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Critical Hours Programming

INDICATOR

Percentage of Participating Grade 6 Students At or Above the Provincial Standard by Subject within the City of Ottawa


COMMUNITY ACTIONS FOR CRITICAL HOURS PROGRAMMING IN OTTAWA


The percentage of Grade 6 students at or above the provincial standard for reading and writing continues to improve from 2010-2014 however, there continues to be a slight deterioration in math. Homework clubs positively and concretely influence social and academic outcomes for children and youth.

Homework clubs are based on three pillars:

  1. Skill development;
  2. Safe and supportive spaces;
  3. Positive relationships.

Our community partners have worked for many years to offer high quality critical hours programming. In more recent years, homework clubs in Ottawa have started to work collaboratively and share best practices to create a system of high quality critical hours programming.

HEALTHY KIDS COMMUNITY CHALLENGE


Ottawa has been selected as one of 45 communities across Ontario taking part in the Government of Ontario’s The Healthy Kids Community Challenge. The Healthy Kids Community Challenge is a multiyear, community-led program that will unite our community with a common goal:

Promoting children's health through physical activity and healthy eating for children 0-12 years.

The Ottawa-based HKCC is being led by the City of Ottawa and working with partners from multiple sectors. It focuses on 20 priority neighbourhoods. Our community will rally around the theme, and work with partners in many sectors developing programs, policies and initiatives that promote and enable healthy behaviours.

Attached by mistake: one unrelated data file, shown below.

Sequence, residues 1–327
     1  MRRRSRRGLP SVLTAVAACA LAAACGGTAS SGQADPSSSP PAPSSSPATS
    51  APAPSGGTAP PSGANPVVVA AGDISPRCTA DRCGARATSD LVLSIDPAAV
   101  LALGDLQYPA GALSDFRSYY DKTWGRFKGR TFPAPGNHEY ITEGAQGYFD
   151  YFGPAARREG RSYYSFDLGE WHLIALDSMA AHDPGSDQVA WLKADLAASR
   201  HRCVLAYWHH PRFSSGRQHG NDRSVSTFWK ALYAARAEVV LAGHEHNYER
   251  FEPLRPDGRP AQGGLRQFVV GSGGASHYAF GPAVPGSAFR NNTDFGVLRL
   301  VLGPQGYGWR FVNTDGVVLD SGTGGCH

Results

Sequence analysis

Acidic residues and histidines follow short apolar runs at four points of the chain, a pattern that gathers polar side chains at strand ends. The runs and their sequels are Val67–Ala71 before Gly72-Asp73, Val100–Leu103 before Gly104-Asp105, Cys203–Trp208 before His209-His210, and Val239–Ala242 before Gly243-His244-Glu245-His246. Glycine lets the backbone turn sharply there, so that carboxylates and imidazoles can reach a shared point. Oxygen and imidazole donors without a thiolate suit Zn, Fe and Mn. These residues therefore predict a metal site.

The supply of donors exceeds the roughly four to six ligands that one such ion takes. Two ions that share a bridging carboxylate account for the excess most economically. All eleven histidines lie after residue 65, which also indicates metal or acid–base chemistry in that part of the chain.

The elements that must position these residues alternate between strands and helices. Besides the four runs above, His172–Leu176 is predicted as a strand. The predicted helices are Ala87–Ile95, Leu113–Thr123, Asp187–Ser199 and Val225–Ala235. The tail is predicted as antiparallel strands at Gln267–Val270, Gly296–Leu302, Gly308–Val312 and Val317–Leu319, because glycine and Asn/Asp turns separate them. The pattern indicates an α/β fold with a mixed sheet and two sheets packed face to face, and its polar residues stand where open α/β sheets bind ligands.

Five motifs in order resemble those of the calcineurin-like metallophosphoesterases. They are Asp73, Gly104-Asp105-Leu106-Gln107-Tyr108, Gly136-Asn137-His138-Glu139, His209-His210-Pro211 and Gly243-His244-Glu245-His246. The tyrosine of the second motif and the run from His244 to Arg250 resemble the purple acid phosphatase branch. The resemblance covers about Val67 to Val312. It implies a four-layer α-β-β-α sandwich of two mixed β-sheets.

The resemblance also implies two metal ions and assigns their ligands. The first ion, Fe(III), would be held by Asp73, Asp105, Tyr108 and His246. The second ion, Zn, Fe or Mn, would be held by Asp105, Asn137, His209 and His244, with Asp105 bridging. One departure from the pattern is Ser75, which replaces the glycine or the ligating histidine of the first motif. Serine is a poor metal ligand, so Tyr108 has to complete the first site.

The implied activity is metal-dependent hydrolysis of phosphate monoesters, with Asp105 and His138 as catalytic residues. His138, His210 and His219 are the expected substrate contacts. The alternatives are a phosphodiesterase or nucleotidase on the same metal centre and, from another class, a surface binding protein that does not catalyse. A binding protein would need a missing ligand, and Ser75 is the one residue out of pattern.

HOW ARE WE CREATING CHANGE?


There is currently no systemic approach to support children during the afterschool hours or after school programming at a provincial level.1 The Critical Hours Task Group, under the OCYI structure was established to strengthen program standards and quality in critical hours programming in Ottawa. The rise in the number of afterschool programs over the last decade points not only the need from the community, but the impact and influence that these programs can have on children and youth.

 

While we can confidently say that the three pillars in critical hours programming positively influences social and academic outcomes for children and youth, there exists a significant range in the funding and resources available. In an effort to address the existing disparities between programs, the Ottawa Homework Club Community of Practice was established in 2014. The community of practice includes over 40 sites who are committed to building high quality programs through training, best practices and common evaluations to ensure that we are moving toward sustainable and systemic impacts for children and youth in Ottawa.